I would think that pastoral work could extend far beyond encyclicals or the Summa. I checked with my 17-yr-old daughter who is friends with a high school chaplain — she says he ducks in and offers congratulations for accomplishments he sees posted, or other supportive comments when appropriate. His care is genuine and without any agenda other than to keep the lines of communications open. (He probably knows who to pray for as well!)

  • You can avoid all the problems you mention regarding “Friending” people by setting up a “Fan page” instead of a normal Facebook page. That way people can follow what you say by “Liking” your page instead of by Friend requests. That’s a way to have a presence on Facebook without any of that awkwardness that Friending people could cause!

  • Mary–I’m glad you brought up the “wise priest”/confession et al statement.
    My brother was very wise in setting a precedent from the beginning of his ministry to not hear confessions from family members. While he acts as Christ’s representative on earth–he is also a human mortal who must live and interact on a human/earthly basis with family members (and friends). It would not be fair to put him such a position of burden to hear family confessions (um, hello, Christmas dinner conversations? family infighting?). Likewise, it might not be charitable for a good friend to seek a good priest friend as a confessor….it might be 1. an undue burden on the priest and 2. a missed opportunity on the confessor’s part to truly dig deeper and gain insight into themselves and their life.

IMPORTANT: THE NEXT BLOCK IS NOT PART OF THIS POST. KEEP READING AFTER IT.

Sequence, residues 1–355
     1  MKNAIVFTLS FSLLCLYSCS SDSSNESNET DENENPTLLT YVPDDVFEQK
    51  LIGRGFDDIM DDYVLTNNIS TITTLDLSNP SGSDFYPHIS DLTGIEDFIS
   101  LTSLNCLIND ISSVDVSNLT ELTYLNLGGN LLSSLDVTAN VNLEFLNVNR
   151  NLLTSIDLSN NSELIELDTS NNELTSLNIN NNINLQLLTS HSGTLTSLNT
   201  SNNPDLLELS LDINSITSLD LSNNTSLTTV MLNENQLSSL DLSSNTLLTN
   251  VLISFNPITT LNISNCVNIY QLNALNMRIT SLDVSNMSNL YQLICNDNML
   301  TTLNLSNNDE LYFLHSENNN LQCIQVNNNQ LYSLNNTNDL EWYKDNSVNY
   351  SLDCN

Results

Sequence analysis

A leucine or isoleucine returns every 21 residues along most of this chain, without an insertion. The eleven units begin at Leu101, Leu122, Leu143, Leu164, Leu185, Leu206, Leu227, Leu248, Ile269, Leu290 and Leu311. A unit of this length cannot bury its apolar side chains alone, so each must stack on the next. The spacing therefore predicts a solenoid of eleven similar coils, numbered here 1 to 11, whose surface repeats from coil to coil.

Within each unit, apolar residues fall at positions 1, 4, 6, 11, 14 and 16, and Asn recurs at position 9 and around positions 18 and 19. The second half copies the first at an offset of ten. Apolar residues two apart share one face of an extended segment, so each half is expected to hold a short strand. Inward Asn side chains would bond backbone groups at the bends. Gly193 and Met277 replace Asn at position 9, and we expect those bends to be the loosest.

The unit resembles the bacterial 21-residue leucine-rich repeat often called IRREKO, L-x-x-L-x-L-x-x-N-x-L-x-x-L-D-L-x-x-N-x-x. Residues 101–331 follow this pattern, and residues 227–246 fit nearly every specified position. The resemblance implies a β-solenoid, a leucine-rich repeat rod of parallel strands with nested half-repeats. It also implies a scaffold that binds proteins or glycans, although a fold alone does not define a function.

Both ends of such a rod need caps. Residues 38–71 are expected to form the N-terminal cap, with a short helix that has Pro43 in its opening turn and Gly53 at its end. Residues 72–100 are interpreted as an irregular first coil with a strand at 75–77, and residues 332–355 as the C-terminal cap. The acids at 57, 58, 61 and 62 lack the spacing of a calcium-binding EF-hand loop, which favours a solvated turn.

• I have a friend in Priests for Life who has more than 4000 Facebook friends. Our young pastor has more than 350. No problems that I know of.

  • Learning2BJoseph